'They were often frustrated exasperated and perplexed,' she says. 'Parents often complain that their boys are fidgety and easily distracted and socially immature. Parents worry that their son isn’t fulfilling his academic potential.

'Another issue that concerns parents of boys is the tendency towards disrespect, defiance and aggression. And parents don’t know what to do.'

The most important piece of advice Janis-Norton has for parents is to stop telling their children off.  It may not sound like a recipe for cooperative offspring, but according to Janis-Norton it is key: 'Telling off doesn’t work and motivate to improve,' she says.

'Thankfully there are strategies that can help parents get back in charge,' she says. ‘The strategies I teach parents will help boys to become more cooperative, more confident, more motivated, more self-reliant and more considerate.'

One such strategy is Descriptive Praise, describing what your child is doing right rather than what they're doing wrong.

‘Let’s imagine a family around the dinner table. The little girl is eating with her knife and fork properly and using her napkin properly and sitting with legs in front of her – and waiting to swallow her food before she talks.

'The boy is doing all the opposite - plus he’s singing and talking too loudly and interrupting and maybe doing a deliberate burp.

'So it’s very tempting to keep saying "no", "don’t", "stop".'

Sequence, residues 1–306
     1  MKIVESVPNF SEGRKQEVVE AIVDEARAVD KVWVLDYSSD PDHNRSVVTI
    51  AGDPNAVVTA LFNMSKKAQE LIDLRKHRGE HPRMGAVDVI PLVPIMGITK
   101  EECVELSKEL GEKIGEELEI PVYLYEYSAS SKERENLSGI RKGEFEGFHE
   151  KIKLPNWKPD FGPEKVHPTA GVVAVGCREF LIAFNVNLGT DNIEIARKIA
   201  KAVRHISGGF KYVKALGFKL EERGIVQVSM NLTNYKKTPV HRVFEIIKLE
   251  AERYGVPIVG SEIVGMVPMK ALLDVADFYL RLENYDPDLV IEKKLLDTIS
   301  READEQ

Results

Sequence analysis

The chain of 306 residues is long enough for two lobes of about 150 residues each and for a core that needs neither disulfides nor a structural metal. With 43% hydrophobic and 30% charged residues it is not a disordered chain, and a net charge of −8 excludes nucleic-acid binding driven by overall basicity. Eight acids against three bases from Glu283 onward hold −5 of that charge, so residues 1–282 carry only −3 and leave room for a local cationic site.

'Reprimands may - or may not - get you immediate cooperation, but in the long-term telling off and endless reminders make the behaviour worse – because when children keep hearing about what they’re doing wrong, they start to feel that’s who they are.

'So after a while they don’t even bother trying to improve their behaviour. 'In fact, boys often enjoy being able to wind up their parents by burping or making some kid of a vulgar joke.

'So I advise parents to focus most of their attention on the OK things that the boy is doing. Notice and mention the tiny steps in the right direction.

'I’m not saying it’s easy to stay positive; it takes a lot of self-control. But it’s worth practising this strategy, which is called Descriptive Praise, because the more we notice when our children are doing things right, the more motivated they will be to behave better.'

Within a meal a parent might say: ‘You’re sitting up straight’ or ‘You’re using your napkin instead of your sleeve’ or even 'Your chewing with your mouth closed and I cant see any of the food in your mouth’.